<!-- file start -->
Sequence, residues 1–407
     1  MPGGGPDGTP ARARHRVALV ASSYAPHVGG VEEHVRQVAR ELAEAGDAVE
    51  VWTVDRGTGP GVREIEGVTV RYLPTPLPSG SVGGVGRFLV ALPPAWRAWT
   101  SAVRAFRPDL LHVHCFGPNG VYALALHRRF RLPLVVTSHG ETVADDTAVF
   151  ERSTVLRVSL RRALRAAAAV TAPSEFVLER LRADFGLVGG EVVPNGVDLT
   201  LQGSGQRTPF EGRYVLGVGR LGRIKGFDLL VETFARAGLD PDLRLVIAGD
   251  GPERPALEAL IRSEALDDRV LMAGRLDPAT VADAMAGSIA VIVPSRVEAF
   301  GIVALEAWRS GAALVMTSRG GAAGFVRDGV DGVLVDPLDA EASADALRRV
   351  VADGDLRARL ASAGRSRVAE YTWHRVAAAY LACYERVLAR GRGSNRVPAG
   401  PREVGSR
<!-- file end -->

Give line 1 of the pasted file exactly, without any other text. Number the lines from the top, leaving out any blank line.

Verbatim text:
Sequence, residues 1–407